Sunday, July 24, 2016

Michelson-Morley Prize for Failed Science

Modern scientific research is incomplete and biased because successful experiments are disproportionately rewarded in the publication and grant funding process.

This results in the so-called "file drawer problem," where journals are stuffed with positive experimental results, while the equally important negative or non-confirmatory results are relegated to archives and file drawers in a dark corner.

Robust scientific experimentation requires equal access to both positive and negative results to prevent costly reinvention of the wheel and optimize collective, forward progress.

To promote the publication of negative experimental results, I propose the Michelson-Morley Prize for Non-Confirmatory Science. This series of awards will provide necessary prestige and incentive for those whose valuable negative contributions can and should be leveraged by the scientific community. The awards would be accompanied by a corresponding professional journal.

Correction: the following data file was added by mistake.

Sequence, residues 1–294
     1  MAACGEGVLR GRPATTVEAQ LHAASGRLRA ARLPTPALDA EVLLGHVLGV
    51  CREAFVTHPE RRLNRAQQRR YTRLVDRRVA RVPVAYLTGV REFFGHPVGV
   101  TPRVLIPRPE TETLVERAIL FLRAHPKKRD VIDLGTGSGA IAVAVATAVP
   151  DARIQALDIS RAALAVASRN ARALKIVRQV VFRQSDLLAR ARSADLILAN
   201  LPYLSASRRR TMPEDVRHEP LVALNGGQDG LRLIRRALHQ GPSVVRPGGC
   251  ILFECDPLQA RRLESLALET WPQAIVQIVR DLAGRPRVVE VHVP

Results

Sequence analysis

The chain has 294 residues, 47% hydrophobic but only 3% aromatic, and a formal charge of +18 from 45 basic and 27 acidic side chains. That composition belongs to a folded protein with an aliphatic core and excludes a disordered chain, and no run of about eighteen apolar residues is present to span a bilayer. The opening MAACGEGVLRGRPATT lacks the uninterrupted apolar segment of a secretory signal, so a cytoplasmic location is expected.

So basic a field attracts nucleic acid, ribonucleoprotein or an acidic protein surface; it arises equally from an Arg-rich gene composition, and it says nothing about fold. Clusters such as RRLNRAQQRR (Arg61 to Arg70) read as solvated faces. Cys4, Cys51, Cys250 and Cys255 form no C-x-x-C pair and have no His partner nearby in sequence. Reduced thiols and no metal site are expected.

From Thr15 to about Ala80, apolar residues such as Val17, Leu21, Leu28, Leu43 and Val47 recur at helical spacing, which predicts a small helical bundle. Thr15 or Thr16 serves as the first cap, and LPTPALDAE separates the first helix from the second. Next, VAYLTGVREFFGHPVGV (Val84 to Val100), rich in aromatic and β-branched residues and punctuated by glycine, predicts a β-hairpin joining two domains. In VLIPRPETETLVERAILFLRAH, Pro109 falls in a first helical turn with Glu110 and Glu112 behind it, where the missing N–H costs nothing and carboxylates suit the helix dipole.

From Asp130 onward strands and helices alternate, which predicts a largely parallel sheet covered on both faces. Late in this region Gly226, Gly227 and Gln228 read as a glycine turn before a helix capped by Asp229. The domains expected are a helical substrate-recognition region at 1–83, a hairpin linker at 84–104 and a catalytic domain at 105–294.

Regarding the namesake: The Michelson-Morley Experiment is perhaps the most well-known failed experiment. In the 1880s, Albert Michelson and Edward Morley theorized that the entire universe was floating in a medium called the "luminiferous aether" that allowed light waves to propagate. They constructed an impressive device to measure lightwave interference patterns that would be detected over long distances if "drag" occurred while light drifted through this ether.  The experiment showed there was no interferance, no drag, and no such medium...which was a head-scratcher for them at the time, but showed that light was singularly unique and paved the way for a host of important future discoveries in physics and relativity.

Note that similar forces and incentives have aligned that discourage another important and unsung aspect of science: reproducibility.  The lack of experimental reproductions (in other words checking each other's work) is being addressed by Brian Nosek's "Reproducibility Project."

CATEGORY: Science, Research, Culture and Social Change
IDEATION: July 11, 2016

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